- to withdraw (a statement, opinion, etc.) as inaccurate or unjustified, especially formally or explicitly; take back.
- to withdraw or revoke (a decree, promise, etc.).
- to draw or shrink back.
- to withdraw a promise, vow, etc.
- to make a disavowal of a statement, opinion, etc.; recant.
Origin of retract2
Synonyms for retract
Examples from the Web for retractable
Historical Examples of retractable
She slid it to the door entrance on its retractable casters.Code Three
These motors were located near the rear lip of Valier's conical cargo section on retractable booms.Tight Squeeze
Dean Charles Ing
Our retractable wings slid from their sockets and took hold of the thin atmosphere with a thump and a soft rustle.Stamped Caution
Raymond Zinke Gallun
He jabbed a button, and a motor purred, rolling out the retractable radar antenna.Way of a Rebel
Walter M. Miller
It had flaps which permitted slow landings and short take-offs, and it had retractable landing gear and variable-pitch propeller.The Golden Skull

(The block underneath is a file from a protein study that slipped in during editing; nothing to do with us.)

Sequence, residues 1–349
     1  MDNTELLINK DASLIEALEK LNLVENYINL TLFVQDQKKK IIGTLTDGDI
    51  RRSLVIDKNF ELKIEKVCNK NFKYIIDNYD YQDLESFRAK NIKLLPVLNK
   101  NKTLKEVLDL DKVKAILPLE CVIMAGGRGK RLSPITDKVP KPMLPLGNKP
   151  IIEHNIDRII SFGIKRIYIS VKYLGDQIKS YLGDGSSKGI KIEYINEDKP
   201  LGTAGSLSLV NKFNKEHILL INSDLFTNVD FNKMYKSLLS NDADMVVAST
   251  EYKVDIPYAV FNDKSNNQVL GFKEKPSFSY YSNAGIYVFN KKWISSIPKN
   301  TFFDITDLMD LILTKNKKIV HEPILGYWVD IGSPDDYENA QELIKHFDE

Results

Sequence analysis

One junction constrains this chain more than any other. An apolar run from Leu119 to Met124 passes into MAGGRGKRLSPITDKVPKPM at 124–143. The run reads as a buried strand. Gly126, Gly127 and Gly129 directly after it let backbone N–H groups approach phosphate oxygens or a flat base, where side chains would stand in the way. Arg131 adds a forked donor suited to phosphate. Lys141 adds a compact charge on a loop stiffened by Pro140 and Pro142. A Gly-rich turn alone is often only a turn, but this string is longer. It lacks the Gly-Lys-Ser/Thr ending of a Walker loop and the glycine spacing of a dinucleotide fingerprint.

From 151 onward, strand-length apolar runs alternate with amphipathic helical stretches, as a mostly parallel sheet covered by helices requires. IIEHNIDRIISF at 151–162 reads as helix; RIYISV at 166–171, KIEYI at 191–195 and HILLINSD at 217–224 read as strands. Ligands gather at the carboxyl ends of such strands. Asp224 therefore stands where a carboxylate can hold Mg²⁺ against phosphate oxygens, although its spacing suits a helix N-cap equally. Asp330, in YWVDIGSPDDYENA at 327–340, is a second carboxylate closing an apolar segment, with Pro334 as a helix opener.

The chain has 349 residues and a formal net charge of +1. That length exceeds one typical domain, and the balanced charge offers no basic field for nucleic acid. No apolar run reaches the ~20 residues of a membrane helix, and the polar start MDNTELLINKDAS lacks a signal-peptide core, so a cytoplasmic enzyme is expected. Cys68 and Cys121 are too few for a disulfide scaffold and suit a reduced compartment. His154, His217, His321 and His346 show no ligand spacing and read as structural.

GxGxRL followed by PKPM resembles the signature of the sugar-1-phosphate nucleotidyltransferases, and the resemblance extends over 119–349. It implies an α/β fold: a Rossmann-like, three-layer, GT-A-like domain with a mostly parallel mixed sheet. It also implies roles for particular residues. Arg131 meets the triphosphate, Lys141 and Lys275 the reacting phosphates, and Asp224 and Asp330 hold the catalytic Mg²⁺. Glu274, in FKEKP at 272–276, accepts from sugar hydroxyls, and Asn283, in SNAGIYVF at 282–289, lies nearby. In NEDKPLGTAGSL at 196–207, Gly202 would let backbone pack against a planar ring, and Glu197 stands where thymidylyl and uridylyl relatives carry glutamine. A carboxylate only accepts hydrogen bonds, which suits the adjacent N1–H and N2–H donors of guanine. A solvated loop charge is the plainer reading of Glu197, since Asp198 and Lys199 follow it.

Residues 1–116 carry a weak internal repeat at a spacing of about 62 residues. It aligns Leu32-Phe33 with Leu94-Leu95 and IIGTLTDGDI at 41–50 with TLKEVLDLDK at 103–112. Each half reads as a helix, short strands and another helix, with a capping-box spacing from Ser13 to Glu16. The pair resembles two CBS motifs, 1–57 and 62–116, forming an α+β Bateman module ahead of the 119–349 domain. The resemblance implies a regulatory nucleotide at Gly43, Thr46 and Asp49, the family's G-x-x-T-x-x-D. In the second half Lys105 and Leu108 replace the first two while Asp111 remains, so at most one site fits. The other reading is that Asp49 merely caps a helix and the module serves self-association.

- (tr) to draw in (a part or appendage)a snail can retract its horns; to retract the landing gear of an aircraft
- to withdraw (a statement, opinion, charge, etc) as invalid or unjustified
- to go back on (a promise or agreement)
- (intr) to shrink back, as in fear
- phonetics to modify the articulation of (a vowel) by bringing the tongue back away from the lips
Word Origin for retract
Word Origin and History for retractable
early 15c., "to draw (something) back," from Old French retracter (14c.) and directly from Latin retractus, past participle of retrahere "to draw back" (see retraction). Sense of "to revoke, recant, take back" is attested from 1540s, probably a back-formation from retraction. Related: Retracted; retracting.